Archive for June 8, 2009

food-labelsLiving healthy is a multi-billion dollar spinner, and the food industry takes a rather large share from the cache, a share that often is not fair at all. In a world where fast food giants can claim to sell healthy foods, government food agencies are stacked with industry representatives and politicians have an open door policy for industry lobbyists, it pays both financially and in terms of health benefits to retain a healthy scepticism towards the marketing spin that tries to sell us health. If our health is a concern to us, it’s important to become and stay informed about foods: their nature, the ways they are produced and processed, how our body interacts with them and which diets are appropriate or not. Equally important is to become discretionary, for example by applying this knowledge to reading labels when shopping.

The US magazine WomansDay published a list of advertising gimmicks that all too often make us trust and fall for a brand in the wrong belief we’re paying fairly because the product’s health tag, while something as simple as reading the label could spare us throwing good money after bad food. The list makes interesting reading (it is tailored to the US market, but in our globalised world it is as valid here in Australia as it probably is in other countries).

Good source of whole grains

This means the food contains 8 to 15 grams of whole grains per serving, which isn’t bad. (An “excellent source” has at least 16 grams.) But what else is in there? Foods can be made with whole grains and also be packed with lots of preservatives, sugar, fat and other things you want to avoid. So scan the nutrition facts to see what you’re really getting. Generally, the best sources of whole grains are the simplest and made with very few ingredients, such as brown rice, oatmeal, basic bran cereal, quinoa, whole-wheat pasta and 100%-whole-wheat bread. Also remember that the first three ingredients listed are what the product’s mostly made from.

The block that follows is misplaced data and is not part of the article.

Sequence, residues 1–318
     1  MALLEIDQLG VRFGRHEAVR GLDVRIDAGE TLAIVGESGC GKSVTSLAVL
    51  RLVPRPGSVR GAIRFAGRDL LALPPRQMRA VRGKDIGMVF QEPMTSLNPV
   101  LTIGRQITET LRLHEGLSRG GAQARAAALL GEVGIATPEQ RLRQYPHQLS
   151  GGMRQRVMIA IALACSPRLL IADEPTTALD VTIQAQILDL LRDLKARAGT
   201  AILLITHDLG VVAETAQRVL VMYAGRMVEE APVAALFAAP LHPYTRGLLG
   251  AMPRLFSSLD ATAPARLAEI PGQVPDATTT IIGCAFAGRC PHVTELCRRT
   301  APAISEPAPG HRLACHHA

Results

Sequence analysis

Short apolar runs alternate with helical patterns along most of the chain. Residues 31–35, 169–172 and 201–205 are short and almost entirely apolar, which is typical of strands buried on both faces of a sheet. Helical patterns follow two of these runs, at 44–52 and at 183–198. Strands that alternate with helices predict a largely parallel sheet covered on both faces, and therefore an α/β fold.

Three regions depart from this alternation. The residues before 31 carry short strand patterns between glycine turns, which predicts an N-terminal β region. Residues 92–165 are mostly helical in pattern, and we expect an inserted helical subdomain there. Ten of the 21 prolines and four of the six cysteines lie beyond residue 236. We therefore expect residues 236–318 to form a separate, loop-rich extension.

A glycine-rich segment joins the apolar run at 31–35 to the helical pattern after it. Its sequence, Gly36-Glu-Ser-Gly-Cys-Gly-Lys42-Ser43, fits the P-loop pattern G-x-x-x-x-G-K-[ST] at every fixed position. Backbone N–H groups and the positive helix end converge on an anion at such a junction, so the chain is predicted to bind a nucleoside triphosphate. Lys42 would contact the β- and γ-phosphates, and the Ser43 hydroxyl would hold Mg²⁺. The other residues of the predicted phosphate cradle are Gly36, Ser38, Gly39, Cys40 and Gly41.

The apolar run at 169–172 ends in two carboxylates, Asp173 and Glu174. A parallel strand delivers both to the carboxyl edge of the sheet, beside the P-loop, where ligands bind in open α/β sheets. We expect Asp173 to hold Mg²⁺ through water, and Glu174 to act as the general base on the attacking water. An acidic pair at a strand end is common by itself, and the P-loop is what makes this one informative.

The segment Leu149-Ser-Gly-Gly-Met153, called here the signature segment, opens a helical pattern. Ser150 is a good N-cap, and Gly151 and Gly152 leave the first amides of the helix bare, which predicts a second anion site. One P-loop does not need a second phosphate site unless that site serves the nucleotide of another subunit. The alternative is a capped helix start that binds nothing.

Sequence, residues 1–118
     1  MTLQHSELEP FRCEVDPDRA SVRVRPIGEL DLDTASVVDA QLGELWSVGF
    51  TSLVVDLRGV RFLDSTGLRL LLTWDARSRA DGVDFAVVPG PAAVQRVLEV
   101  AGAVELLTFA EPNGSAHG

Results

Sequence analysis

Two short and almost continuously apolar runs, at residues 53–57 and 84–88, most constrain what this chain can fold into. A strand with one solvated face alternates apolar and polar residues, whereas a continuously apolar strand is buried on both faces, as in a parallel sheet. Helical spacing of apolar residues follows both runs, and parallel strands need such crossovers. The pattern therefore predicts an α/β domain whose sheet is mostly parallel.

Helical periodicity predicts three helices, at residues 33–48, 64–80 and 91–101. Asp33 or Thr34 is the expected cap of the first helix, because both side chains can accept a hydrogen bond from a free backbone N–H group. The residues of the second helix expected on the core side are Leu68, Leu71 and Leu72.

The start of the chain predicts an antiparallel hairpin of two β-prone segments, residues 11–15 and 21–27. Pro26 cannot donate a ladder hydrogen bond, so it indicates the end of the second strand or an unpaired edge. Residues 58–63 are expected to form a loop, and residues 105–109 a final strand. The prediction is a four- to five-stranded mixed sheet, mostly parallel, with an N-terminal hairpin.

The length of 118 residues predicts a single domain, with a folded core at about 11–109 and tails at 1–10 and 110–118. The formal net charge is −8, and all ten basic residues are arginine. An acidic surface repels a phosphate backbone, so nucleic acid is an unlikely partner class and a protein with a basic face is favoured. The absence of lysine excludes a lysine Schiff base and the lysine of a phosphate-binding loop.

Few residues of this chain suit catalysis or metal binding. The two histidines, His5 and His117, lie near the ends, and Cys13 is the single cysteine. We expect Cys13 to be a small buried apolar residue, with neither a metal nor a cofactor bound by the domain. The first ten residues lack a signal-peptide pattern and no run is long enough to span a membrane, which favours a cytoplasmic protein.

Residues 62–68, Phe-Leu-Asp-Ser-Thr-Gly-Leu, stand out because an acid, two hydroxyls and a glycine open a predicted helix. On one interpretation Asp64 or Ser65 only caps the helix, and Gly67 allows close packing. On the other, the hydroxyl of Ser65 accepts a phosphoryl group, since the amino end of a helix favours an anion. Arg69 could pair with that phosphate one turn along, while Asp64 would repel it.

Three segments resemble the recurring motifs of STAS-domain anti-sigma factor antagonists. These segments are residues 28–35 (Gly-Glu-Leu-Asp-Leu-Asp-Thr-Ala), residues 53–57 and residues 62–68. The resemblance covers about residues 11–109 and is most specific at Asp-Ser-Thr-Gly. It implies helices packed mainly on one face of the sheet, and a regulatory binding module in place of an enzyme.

Organic

Just because it’s labeled organic (meaning it’s grown or processed without pesticides or hormones) doesn’t mean you’re home free. Organic chips, cookies, candies and other treats often still pack the same calories, sugar and salt as their conventional counterparts. Keep snack portions in check and focus on organic items that really are worth the extra dough (like dairy products and certain fruits and vegetables that don’t have thick skins or rinds). To find out when it’s best to go organic with produce, go to Foodnews.org [for US only].

Sugar-free

Sugar-free and no-sugar-added foods swap sugar for artificial sweeteners, preservatives and other man-made ingredients—and often still have plenty of calories. (A “sugar-free/low-cal” brownie can have 250 calories or more.) Not only that, but you may not feel satisfied after you eat a “diet” snack, so you could end up going back for more. Sugar-free foods are also super-sweet, so you may find yourself craving them more often. Stick with small portions of the real stuff.

High fiber

Fiber keeps us full longer and speeds up digestion, but there’s a catch: Most packaged foods with a “high fiber” claim contain powders like maltodextrin, inulin, polydextrose and oat fiber. These fiber powders will help you stay full, but they don’t provide the same health benefits that you’ll get from the kind of fiber found naturally in foods like fruits, vegetables and whole grains. They may also cause digestive distress.

Granola

It’s often loaded with sugar (upward of 4 tsp, or 16 grams, per ½-cup serving) and can be very high in calories (a bowl can easily rack up 600 to 700 calories). Look for a brand with 10 grams of sugar or less per serving (I like BearNaked or FEED ). Also, think of granola as a condiment: Sprinkle a few Tbsp on cereal or yogurt.

Energy, granola and other snack and meal bars

Many of these have the same sugar and calories you’d find in a chocolate bar. Others are packed with artificial sweeteners. Instead, pick ones that have just 3 or 4 ingredients and at least 3 grams of fiber. All-natural fruit and nut bars like Lara, KINDND and Clif Nectar are good; I also like Kashi granola bars because they’re low in sugar and have a good amount of protein.

Yogurt

Sugar strikes again! Sugary-sweet fruit-flavored yogurts can have up to 6 tsp (32 grams) of added sugar per serving. Start with plain yogurt; add some fresh fruit or a tsp of honey or jam for sweetness. If you have a real sweet tooth, a basic vanilla or fruit-flavored yogurt is OK once in a while.